we can no longer be distinguished from the tasteless values around us. We lose our usefulness. We must remain faithful to who we are.” The Disciples were the light of the world because they received their light from Jesus, she said. “He called them not to see but to witness acts of justice. The cause of these actions is god in heaven.” According to Machado, some people don’t talk a lot about what difference the church can make in the world. “People are skeptical of the influence the church can have but Jesus did not share that point of view,” she said. “How- ever imperfect and human the Disciples were, and however imperfect and skeptical we are today, we can make a specific impact.” She continued: “The church was not important in the world when the gospels were written. Jesus was talking to the poor. Was it hyperbole to tell them they were the light of the world? How could nobodies be light? How could they make a differ- ence in the roman Empire? Yet the church grew and expand- ed. We have to realize that Jesus got it right — those who feel the world’s pain, who build bridges, who have mercy, are light to the world.” no one puts a light under a bushel after it is lit. “This bushel is a vessel big enough to cover a lamp. The lamp is not snuffed out but covered,” she said. “What are our bushels? Self-absorption, a life where religious endeavor is un- important. A light does not end up magically under a bushel; the only way to cover it is to put the bushel over it.” Jesus asked his followers to show up in the dark places and light them up.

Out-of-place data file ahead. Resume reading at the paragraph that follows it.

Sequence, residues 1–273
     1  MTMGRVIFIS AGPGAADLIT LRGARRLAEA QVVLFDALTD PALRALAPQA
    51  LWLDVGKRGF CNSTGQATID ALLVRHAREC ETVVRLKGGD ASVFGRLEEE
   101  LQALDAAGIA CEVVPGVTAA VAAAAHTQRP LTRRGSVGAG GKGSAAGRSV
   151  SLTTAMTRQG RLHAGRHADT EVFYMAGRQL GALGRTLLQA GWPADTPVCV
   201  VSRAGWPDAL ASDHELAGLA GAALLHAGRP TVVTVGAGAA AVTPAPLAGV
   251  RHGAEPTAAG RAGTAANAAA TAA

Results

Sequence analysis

“He was describing the here and now, not the future,” Machado said. “Jesus was talking about the Disciples in the here and now and he is talking about us here and now. The abundant life is the gift we give to others to make a difference for others. We have to dare to be singular, to be distinctive in how we use our money, our time, what we value.” The way we remain distinctive, she told the congregation, is to acknowledge that we are yoked with god, and Christ invites us to play a role in the mission to engage the world. Machado then added that Fred Craddock, the noted preacher, said that Christians have two tasks — witnessing and “benevolent intrusion into the world.” “We have to reject self-interest and self-protection,” she said. “We have to feel the pain of our neighbor.” Jesus told the Disciples that he came to fulfill the law, not to abolish it. He called them to live in the spirit of the law, not just the letter of the law. “Spiritual righteousness originates in the heart,” Machado said. “Jesus calls us to be transformed. We have made the world to be a certain way — full of violence, greed, corruption and inequality. There is little light and less flavor.” “Hear Jesus speak,” she continued. “We need to make a dif- ference because we can. ‘You are,’ he says to each of us. i want to remind you, sisters and brothers, that you are all of great value. You are all important for god’s design. You all have to get out of the shaker. You are called to be salt, be light. You are the ones called to expand the church beyond stained glass and stone walls.” The Rev. John Morgan presided. Bud Brown, the host at the Bap- tist House, read the Scripture. The Motet Choir sang “Come Down Angels,” a traditional spiri- tual arranged by Patti Drennan. Virginia Oram was the soloist. Jared Jacobsen, organist and worship coordinator, directed the choir. The choir sang “God is Here” by Glenn Wonacott as the introit all week. The Allison and Craig Marthinsen Endowment for the Depart- ment of Religion supported this week’s services. For those who would like more information about the 47,000 children at the borders, links provided by Machado can be found in the online version of this story at www.chqdaily.com.